|Her Master and Commander by Karen Hawkins is first in a new series which features the ultimate butler, Reeves. If the continuing books in the set follow the same path as this first book, the series promises to be entertaining reading.
In Her Master and Commander, Reeves is given a mission to find the bastard sons of the now-deceased Earl of Rochester, and hopefully whip one of them into good enough shape to assume the title and complement the elegant estate that comes with it.
The first of these sons is Tristan Llevanth, a former pirate turned sea captain and war hero. Tristan and his twin, Christian, were separated at a young age when their mother was imprisoned for treason. Tristan was impressed, forced to become a sailor in the British Navy, and served aboard a navy ship until it was taken by pirates. When the pirate captain was killed, Tristan joined his ship to Nelson’s fleet, earning that man’s admiration and becoming a hero at Trafalgar. Tristan never forgave his father for abandoning Tristan’s mother in her time of need, and he never forgot his missing brother.
When the book opens, we find Tristan no longer a seaman due to war injuries, living in a seaside cottage and occupying himself making work for his former crew members. He misses the sea terribly, but misses his peace and quiet almost as much, since it has been disturbed by his new neighbor’s (the heroine, Prudence Thistlewaite) constant complaints against Tristan’s sheep. Tristan’s peace is further cut up by the arrival of Reeves, with wagonloads of servants and luggage, bearing the news that Tristan’s father has died and Tristan will be made Earl. Before Tristan can assume the title, though, Reeves has to polish Tristan’s sharp edges so that he can pass an examination by a board of trustees. In this endeavor, Reeves hires Prudence to teach Tristan some London manners.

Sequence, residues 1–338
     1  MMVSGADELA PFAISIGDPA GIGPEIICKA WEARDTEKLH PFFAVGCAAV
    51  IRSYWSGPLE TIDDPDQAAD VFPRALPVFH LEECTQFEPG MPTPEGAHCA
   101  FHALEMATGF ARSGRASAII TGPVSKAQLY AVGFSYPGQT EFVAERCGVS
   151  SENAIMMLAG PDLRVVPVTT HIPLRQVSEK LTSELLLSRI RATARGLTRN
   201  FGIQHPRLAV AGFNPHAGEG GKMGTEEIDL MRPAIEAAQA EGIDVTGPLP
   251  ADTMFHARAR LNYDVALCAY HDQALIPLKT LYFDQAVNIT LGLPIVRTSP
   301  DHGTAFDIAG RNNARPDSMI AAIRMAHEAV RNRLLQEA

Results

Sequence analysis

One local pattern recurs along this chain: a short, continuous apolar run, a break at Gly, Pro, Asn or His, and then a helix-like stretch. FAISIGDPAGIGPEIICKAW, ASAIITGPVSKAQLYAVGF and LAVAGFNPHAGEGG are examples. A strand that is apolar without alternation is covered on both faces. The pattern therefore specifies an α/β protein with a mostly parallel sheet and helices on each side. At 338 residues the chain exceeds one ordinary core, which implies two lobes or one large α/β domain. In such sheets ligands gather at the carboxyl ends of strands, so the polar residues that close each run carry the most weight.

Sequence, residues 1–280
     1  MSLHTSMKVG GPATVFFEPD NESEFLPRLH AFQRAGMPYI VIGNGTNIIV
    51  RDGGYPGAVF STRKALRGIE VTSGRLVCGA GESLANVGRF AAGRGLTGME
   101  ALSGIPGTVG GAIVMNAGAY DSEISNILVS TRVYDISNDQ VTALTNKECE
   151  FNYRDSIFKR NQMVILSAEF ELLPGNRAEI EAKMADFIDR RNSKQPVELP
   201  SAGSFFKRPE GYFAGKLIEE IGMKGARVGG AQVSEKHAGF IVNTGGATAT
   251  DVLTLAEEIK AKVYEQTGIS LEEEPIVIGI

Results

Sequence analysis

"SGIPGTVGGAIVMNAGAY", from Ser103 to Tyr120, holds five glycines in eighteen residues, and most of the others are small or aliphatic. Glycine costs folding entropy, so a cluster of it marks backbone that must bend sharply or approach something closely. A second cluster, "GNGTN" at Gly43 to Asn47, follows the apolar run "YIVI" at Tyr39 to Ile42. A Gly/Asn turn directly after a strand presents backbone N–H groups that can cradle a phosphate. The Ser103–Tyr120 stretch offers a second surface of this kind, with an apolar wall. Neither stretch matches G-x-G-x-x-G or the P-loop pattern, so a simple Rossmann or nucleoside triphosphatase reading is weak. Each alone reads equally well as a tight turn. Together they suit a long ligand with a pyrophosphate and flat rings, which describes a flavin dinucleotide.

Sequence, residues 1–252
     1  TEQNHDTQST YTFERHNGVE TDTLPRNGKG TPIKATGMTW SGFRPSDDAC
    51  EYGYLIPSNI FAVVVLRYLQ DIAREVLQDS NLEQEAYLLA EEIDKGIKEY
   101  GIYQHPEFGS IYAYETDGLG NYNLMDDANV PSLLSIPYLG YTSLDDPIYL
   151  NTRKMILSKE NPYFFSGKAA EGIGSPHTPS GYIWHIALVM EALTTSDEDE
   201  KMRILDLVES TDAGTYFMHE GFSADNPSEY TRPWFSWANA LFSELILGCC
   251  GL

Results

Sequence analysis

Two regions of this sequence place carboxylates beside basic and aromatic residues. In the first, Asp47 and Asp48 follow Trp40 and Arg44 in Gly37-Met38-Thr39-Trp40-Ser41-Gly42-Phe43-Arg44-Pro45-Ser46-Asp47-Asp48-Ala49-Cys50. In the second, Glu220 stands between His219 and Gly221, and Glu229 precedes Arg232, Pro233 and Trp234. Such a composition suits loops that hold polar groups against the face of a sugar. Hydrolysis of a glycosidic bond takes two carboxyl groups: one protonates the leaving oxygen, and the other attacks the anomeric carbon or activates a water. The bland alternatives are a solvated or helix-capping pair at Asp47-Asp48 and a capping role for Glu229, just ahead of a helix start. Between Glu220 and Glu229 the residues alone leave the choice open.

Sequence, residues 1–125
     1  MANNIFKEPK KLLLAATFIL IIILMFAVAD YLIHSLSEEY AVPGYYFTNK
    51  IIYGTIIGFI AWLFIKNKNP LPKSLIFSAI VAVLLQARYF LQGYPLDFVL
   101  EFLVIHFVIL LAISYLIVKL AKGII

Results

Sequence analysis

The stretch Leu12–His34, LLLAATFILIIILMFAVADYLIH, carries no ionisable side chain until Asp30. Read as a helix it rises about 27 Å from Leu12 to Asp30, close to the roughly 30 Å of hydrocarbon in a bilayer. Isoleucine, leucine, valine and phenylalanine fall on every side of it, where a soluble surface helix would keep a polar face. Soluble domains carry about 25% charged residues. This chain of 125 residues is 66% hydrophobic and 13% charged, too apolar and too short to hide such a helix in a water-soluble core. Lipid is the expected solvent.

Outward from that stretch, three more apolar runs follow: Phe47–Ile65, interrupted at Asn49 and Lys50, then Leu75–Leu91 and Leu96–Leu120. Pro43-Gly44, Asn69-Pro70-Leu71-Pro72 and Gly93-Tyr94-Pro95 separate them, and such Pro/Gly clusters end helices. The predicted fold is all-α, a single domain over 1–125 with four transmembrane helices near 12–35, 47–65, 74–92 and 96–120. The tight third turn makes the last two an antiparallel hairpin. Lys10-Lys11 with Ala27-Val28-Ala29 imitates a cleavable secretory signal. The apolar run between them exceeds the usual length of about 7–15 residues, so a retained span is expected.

While this book is quite entertaining, it is in no way perfect. The part that I found least plausible was that after Tristan’s father went through a lot of trouble to manufacture evidence that Tristan was his legitimate firstborn son, Tristan had to prove himself to a board. Why would a legitimate, firstborn son have to prove anything before earning his title? Worthy or not, Tristan should have inherited, period. That would have made for a pretty short story, though.
The portion of the book that concerns Christian is also implausible. More detail would spoil things, so suffice it to say that Christian’s presence was unnecessary and pretty much unbelievable except for the purpose of setting the stage for the next book.
The rest of the book is delightful. The little blurbs that begin each chapter of Hawkins’ previous books are present here, in the form of a book written by Reeves on how to be the best butler one can be. The love scenes are hot without being unromantic. The secondary characters are enjoyable and charming, such as Prudence’s mother, and their housekeeper, with whom Prudence has a running battle of homilies.
Prudence and Tristan are excellent main characters. Prudence tries so hard to do the right thing, due to circumstances of her past, but she has to battle her warmer urges almost constantly. Tristan is the most reluctant nobleman. He wants the title and money badly so he can afford to take care of his former crew, but he detests all the rules and chafes under the restrictions imposed upon him.
By far the best character is Reeves. Watching him run intellectual circles around his “betters” is a lot of fun. Her Master and Commander is definitely worth reading, and Reeves makes reading the next books in the series almost irresistible.